Both articles by Molina and Omi for this week relate race to the idea of citizenship. Molina in her introduction of her book ‘Fit to be Citizens’ specifically talks about the idea of ‘Race’ and ‘Public Health’ in the city of Los Angeles. She in the introduction focus primarily focuses on this issue from 1879-1939. She starts off by prividing a brief history about the region and talks about how various governmental officials and leaders sometimes play around with racial politics in order to achieve their goals. For examples, as stated in the chapter, in order to imporove the sanitary conditions in the city, it was neccessary to demolish Chinatown. (1).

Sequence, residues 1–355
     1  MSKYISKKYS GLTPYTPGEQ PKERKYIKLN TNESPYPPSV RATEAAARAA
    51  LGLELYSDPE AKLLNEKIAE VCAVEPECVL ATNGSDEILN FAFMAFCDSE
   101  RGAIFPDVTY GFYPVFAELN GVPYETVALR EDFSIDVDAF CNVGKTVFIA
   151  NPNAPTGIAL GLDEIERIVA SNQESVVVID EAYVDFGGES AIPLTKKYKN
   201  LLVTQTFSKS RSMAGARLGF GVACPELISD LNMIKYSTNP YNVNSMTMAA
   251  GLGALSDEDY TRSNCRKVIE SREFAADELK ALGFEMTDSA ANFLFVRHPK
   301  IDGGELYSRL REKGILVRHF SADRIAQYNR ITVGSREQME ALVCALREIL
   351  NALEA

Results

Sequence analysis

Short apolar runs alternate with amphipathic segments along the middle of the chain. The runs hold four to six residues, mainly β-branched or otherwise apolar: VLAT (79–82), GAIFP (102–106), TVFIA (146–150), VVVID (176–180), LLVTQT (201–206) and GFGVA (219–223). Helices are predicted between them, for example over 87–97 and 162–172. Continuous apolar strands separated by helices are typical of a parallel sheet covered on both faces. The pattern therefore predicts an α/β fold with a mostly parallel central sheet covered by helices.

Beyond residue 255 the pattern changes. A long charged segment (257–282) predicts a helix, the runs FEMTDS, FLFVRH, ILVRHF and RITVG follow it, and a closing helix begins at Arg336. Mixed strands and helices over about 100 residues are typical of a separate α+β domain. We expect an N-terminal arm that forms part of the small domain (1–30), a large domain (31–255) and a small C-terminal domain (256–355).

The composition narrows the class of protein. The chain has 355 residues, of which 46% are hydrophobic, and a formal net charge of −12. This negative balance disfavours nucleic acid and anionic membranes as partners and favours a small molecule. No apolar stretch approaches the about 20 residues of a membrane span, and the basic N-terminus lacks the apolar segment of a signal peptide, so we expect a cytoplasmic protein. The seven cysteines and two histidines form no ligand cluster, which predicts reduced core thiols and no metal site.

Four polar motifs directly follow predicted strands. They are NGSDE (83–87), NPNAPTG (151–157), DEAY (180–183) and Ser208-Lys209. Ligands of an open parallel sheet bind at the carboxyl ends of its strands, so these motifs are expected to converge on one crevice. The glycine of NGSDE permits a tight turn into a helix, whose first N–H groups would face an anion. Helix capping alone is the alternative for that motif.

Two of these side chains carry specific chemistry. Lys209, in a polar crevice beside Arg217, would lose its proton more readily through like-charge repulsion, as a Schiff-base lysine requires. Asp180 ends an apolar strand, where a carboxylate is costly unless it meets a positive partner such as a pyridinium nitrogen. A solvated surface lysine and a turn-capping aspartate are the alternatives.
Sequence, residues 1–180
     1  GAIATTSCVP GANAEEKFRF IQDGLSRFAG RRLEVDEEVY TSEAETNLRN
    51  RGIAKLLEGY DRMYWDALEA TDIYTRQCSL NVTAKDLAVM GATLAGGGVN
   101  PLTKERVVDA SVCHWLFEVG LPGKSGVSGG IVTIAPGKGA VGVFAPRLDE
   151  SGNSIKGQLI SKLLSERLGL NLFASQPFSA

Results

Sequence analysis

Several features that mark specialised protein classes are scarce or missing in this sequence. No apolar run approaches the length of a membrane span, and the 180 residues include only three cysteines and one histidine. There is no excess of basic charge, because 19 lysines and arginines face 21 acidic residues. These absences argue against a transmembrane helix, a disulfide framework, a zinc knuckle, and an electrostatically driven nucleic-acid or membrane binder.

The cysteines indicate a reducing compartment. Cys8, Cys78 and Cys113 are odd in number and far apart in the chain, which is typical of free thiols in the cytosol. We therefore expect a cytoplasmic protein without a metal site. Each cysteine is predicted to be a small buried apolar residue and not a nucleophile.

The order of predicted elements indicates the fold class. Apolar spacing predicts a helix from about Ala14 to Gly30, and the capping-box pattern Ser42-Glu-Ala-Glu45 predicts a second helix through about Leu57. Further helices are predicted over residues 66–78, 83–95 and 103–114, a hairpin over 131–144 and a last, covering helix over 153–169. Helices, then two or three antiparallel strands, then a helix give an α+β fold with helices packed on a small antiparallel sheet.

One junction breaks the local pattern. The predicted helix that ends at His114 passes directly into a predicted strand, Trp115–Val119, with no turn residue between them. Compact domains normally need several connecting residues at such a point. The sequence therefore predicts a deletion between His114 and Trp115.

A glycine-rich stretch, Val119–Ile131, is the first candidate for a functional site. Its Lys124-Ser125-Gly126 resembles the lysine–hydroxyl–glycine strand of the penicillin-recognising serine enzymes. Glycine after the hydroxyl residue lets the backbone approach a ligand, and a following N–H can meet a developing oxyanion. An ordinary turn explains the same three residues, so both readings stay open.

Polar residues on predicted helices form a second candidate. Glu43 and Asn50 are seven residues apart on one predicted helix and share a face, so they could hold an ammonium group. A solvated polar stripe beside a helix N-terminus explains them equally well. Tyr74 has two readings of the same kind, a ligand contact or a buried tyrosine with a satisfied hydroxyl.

Molina points out the during the course of these years, only specific populations were being targetted. They were the Chinese, Japanese and also, Mexicans. The city wanted to develop new infrastructure and “modernise” itself, and according to them, these minority populations should be displaced from one area to the other. Omi on the other hand, outlines various theories of race and racism in a particular society. She also goes into detail about the concept of racial politics that I think effects everybody residing in that State.

Clearly, the audience of these are students who are focusing in the field of community planning, developming, race relations, etc. These are also targetted towards those who simply have an interest in thefield and want to inform themselves about the history of race and race relations in the United States. Overall, both authors mainly use historical and statistical data in hoping to prove their arguements and also utilise various analystics. I really enjoyed reading these two pieces and it was very interesting to read and relate the same information to other minority groups.